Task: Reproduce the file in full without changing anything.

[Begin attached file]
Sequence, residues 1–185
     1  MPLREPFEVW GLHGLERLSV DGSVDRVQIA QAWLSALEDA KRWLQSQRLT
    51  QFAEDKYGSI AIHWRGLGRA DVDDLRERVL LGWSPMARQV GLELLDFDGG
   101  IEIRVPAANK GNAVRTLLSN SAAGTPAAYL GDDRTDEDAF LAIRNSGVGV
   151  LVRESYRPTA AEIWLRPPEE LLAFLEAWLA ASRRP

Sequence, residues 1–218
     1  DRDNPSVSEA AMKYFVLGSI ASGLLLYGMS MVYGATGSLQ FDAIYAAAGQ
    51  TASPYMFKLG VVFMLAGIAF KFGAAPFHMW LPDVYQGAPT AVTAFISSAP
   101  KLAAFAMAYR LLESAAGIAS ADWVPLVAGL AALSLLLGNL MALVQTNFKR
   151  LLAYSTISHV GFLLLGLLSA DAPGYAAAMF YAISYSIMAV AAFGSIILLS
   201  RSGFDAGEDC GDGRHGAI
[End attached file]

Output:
Sequence, residues 1–185
     1  MPLREPFEVW GLHGLERLSV DGSVDRVQIA QAWLSALEDA KRWLQSQRLT
    51  QFAEDKYGSI AIHWRGLGRA DVDDLRERVL LGWSPMARQV GLELLDFDGG
   101  IEIRVPAANK GNAVRTLLSN SAAGTPAAYL GDDRTDEDAF LAIRNSGVGV
   151  LVRESYRPTA AEIWLRPPEE LLAFLEAWLA ASRRP

Sequence, residues 1–218
     1  DRDNPSVSEA AMKYFVLGSI ASGLLLYGMS MVYGATGSLQ FDAIYAAAGQ
    51  TASPYMFKLG VVFMLAGIAF KFGAAPFHMW LPDVYQGAPT AVTAFISSAP
   101  KLAAFAMAYR LLESAAGIAS ADWVPLVAGL AALSLLLGNL MALVQTNFKR
   151  LLAYSTISHV GFLLLGLLSA DAPGYAAAMF YAISYSIMAV AAFGSIILLS
   201  RSGFDAGEDC GDGRHGAI